I am from Osaka, Japan. I came to the United States in January 2002, 18 years ago. I got a green card and I got married but I didn’t get my citizenship until last year—2019. I waited, waited, waited. At first, I didn’t feel that I wanted to change my nationality. I would have to give up my Japanese citizenship. That is why I didn’t bother. But ever since 2016, I didn’t feel very safe living here without my U.S. citizenship. So many immigration laws have been changed and a lot of people are being deported. I heard awful stories and it was getting worse. Then last year it came close to us. I heard that ICE took a family from our neighborhood. It was no longer happening to people we don’t know; it could have been a school friend of our daughter. I am here legally, but I didn’t feel safe anymore.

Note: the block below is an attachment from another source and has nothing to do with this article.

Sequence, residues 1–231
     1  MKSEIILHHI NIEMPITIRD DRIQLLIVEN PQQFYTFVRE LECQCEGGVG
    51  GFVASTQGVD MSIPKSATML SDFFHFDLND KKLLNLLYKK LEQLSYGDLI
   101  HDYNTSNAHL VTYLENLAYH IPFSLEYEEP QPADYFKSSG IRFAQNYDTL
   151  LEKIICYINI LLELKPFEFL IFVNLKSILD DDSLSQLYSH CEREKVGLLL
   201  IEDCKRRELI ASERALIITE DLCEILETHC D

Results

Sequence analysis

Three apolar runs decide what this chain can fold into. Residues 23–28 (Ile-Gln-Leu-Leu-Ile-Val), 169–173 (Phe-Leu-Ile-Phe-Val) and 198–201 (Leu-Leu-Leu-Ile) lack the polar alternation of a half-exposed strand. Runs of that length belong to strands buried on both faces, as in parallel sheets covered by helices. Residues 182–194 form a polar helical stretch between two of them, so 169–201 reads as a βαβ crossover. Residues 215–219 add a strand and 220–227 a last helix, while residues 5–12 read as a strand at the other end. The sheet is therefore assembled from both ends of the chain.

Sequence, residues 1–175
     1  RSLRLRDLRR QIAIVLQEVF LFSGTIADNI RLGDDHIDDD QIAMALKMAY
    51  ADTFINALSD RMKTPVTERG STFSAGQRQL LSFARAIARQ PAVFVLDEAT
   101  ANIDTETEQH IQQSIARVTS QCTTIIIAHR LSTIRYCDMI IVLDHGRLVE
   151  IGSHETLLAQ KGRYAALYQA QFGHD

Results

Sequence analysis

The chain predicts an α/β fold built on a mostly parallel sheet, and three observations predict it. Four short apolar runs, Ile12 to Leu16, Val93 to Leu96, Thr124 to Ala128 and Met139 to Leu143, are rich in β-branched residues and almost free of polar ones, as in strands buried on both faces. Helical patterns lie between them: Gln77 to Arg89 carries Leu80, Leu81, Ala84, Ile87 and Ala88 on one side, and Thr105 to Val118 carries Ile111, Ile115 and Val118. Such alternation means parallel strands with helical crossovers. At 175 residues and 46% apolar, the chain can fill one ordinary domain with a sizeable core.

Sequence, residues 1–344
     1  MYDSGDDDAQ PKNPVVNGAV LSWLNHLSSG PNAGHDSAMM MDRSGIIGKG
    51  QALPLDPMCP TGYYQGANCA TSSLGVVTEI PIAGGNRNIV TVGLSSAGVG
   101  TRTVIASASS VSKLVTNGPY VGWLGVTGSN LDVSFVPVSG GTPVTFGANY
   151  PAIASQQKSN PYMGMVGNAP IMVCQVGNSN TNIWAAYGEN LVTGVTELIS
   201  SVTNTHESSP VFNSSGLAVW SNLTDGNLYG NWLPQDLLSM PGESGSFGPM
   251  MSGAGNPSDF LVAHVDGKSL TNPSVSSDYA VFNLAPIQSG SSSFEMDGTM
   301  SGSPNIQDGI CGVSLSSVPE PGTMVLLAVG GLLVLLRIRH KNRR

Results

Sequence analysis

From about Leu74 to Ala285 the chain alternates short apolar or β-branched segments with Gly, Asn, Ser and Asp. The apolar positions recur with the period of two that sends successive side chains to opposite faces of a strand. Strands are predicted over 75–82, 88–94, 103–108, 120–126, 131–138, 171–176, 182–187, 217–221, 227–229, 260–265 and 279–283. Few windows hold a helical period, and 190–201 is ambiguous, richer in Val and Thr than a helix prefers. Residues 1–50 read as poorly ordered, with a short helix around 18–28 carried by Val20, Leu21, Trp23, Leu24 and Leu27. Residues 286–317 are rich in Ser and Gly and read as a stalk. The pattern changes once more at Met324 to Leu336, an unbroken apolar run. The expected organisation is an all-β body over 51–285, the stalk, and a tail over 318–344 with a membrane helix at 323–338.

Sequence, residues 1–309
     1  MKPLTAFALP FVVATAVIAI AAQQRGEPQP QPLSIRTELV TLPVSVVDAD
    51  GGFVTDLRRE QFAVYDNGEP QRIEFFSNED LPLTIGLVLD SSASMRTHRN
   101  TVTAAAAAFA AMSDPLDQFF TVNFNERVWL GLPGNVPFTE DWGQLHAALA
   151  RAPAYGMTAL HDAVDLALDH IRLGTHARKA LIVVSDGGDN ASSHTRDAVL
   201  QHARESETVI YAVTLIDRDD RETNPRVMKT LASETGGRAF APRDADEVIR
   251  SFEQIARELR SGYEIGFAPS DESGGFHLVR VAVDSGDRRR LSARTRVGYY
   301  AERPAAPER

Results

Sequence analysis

Ever since I was in high school, I was interested in getting to know people outside of Japan. I wanted to learn about their countries and their cultures. I was hoping to come to the U.S.A. and I had a lot of pen pals all over the world. I went to university to learn English and American literature; I was particularly interested in African American literature. After I graduated university, I worked for a textile company in the exports department. In Japan in the 1980s I experienced a lot of sexism in the workplace. Women were expected to get married by 24. At 25, people said that you were like an after-Christmas cake; you were valued less. I always thought that was not right. I didn’t fit into that society. So, three years after college, with money I saved I went to England. I was 24.